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A sentiment analysis classifier in spanish.

Project description

Author : Elliot Hofman

This is a package to perform sentiment analysis in spanish.


The model is fed data crawled from various websites :
Trip Advisor, PedidosYa, Apestan, QuejasOnline, MercadoLibre, SensaCine, OpenCine, TASS, Twitter
(See the files under /crawlers if interested)


The model is a pipeline that includes :
- A vectorizer : go from the text/string representation of the comment to a vectorized representation.
This is done with a TfIdfVectorizer
- A feature Selector : The vectorizer will output a n_samples*n_features very sparse matrix (scipy sparse matrices are already used by the sklean algorithm). This will reduce the number n_features, checking weather a feature is relevant or not.
- A classifier : The model used is a Multinomial Naive Bayes, which performs really well for text

The parameters and hyper-parameters of this pipeline are found by the use of a GridSearch K - cross validation with K = 3


All the comments are preprocessed before the training is done :
- They are set to lowercase
- Accents are removed and replaced (í ==>i, etc)
- 're' and '100%' are replaced by 'muy', which most of the time will have the same meaning in spanish
- ' x ' are replaced by ' por ', ' q ' and ' k ' by 'que'
- Regex is used to replace all possible forms of 'jajajajaja', 'ajajaaaajjaj', 'jjjjaajj', 'ajaja', 'jejejej', etc ... by the normalized form 'jaja'
- Regex is used to replace duplicated characters ('Que buenoooooo' -> 'Que bueno' etc), paying attention to the special case of the 'l' (It is actually normal in spanish to have words with repeated 'll')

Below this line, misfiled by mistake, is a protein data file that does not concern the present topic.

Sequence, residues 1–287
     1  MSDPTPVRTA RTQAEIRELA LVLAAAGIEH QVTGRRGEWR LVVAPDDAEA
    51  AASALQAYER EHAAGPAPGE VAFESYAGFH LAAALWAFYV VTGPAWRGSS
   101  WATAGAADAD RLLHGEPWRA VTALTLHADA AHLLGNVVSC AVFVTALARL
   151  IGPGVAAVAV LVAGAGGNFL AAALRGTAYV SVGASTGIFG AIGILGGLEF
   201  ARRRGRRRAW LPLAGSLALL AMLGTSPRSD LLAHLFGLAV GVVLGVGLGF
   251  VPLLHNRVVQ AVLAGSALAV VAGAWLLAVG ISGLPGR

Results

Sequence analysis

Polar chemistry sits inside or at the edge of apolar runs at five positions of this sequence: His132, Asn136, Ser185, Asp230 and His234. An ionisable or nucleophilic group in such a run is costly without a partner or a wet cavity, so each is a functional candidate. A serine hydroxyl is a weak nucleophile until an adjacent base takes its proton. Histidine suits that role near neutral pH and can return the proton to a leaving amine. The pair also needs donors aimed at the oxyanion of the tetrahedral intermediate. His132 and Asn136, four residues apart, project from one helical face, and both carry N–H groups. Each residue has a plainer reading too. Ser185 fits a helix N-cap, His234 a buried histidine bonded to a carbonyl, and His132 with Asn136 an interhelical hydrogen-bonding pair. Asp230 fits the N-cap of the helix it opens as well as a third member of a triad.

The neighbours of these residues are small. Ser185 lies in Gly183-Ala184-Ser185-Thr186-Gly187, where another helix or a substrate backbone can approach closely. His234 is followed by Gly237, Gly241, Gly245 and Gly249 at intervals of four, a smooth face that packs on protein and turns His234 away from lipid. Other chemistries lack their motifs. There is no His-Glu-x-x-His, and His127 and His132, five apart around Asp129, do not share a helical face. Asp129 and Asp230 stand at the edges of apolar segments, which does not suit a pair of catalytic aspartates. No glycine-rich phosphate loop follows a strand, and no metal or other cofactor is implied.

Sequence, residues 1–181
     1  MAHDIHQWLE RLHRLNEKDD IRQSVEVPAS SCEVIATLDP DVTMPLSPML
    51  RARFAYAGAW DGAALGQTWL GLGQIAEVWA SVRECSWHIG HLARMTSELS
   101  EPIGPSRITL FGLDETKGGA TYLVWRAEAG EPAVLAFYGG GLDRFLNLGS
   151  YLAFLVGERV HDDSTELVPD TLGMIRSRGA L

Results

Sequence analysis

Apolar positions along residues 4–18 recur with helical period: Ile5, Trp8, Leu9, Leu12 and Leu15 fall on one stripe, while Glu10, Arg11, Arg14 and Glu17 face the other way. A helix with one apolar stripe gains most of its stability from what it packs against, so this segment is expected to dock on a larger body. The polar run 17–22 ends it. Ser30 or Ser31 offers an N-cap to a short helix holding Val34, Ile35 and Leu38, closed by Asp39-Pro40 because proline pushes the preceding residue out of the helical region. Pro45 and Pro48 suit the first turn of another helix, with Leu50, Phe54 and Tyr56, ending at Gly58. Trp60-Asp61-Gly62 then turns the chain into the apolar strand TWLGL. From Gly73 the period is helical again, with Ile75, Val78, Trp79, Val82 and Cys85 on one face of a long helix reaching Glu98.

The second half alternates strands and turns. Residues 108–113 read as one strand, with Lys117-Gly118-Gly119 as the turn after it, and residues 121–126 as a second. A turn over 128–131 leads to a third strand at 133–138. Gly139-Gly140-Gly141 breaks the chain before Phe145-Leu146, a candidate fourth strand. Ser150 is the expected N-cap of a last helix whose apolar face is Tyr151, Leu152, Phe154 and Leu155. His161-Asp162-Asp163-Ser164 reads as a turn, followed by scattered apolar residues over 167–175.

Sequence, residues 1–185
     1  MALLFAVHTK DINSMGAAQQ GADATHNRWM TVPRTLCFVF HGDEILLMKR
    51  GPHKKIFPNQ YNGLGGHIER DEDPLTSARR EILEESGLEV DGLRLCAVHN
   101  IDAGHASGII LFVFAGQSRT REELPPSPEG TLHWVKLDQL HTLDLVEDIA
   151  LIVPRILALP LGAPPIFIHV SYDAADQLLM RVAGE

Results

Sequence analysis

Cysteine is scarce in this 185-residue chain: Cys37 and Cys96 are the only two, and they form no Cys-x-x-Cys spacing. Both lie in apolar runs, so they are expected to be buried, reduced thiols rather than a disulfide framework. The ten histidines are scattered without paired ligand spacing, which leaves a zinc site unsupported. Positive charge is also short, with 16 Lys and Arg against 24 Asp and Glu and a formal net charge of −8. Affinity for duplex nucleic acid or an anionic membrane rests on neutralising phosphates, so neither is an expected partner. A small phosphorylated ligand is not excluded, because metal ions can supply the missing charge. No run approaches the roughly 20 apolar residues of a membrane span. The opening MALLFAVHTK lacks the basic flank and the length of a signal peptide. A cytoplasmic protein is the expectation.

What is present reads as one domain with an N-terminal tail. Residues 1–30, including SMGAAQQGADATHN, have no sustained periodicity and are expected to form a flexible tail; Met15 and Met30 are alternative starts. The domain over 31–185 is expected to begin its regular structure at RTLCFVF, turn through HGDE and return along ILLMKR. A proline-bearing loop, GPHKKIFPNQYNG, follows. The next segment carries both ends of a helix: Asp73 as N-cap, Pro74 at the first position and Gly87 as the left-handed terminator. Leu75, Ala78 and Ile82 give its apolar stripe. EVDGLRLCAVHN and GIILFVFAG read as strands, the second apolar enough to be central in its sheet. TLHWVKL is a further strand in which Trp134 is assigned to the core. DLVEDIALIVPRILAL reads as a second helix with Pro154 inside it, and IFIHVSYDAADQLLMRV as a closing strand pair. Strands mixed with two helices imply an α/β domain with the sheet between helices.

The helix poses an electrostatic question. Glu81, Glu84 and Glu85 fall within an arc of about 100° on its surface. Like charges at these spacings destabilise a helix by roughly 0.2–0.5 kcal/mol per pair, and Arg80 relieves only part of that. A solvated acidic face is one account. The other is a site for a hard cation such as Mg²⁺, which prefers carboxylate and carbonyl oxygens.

- Reg ex is used to clean spaces ('No me gusto la comida.Vos que opinas?Sisi estuvo mala estoy de acuerdo' -> No me gusto la comida. Vos que opinas? Sisi estuvo mala estoy de acuerdo)
- Regex is used to clean 'k' (askeroso - > asqueroso)
- Reg ex is used to clean numbers (remove them all, except the 100% that is already replaced before)
- a dictionnary of spanish expressions is used to factorize expressions in the comments (por supuesto -> por_supuesto, poco a poco -> poco_a_poco, etc...)
- a dictionnary crawled from the web is used to set a list of chosen verbs to their infinitive form
('me cayo mal la comida'-> 'me caer mal la comida', etc ...)
- a function is applied to apply 'not_' to the words contained between a negation term and min(3, a stopNeg term) terms further. (Las papas no son ricas -> Las papas no not_son not_ricas)
The model will then learn that the fictive word 'not_ricas' is associated to a bad sentiment.
- a list of customed neutral words is used to remove useless words from the comment before the prediction is made.


The prediction is calculated with a few rules:
- If 'pero' is found in the comment to classify,
preScore = prediction(sentence before the 'pero')
postScore = prediction(sentence before the 'pero')

and a barycenter of those two quantities is calculated ((decayRate-t)*preScore + t*postScore)/decayRate
so that the score remains from the same side of 0.5 than postScore
This because the comments might say something kind of good, and then finish 'pero ...' and say something kind of good. In this case, usually the global sentiment of the comment is carried by the second part of the phrase.
- If 'muy' is found in the comment to classify:
importantScore = prediction(next word just after 'muy' if that word is an adjective)
score = globalScore of the sentence

and the same barycenter method is used so that the final prediction will predict the same thing as the important word placed after the 'muy'.
This is used because the comment might say a lot of things ('bla balab blalal') and the classifier could eventually get confused (if there was some piece of irony, a too big quantity of unknown words, ...), but if the comment started by ('Muy recomendable') anyway it will know the comment is good.
- The comments are processed the same way the training data was prepared, and the words that are not in the vocabulary are removed, to reduce the noise that they bring to the comment.


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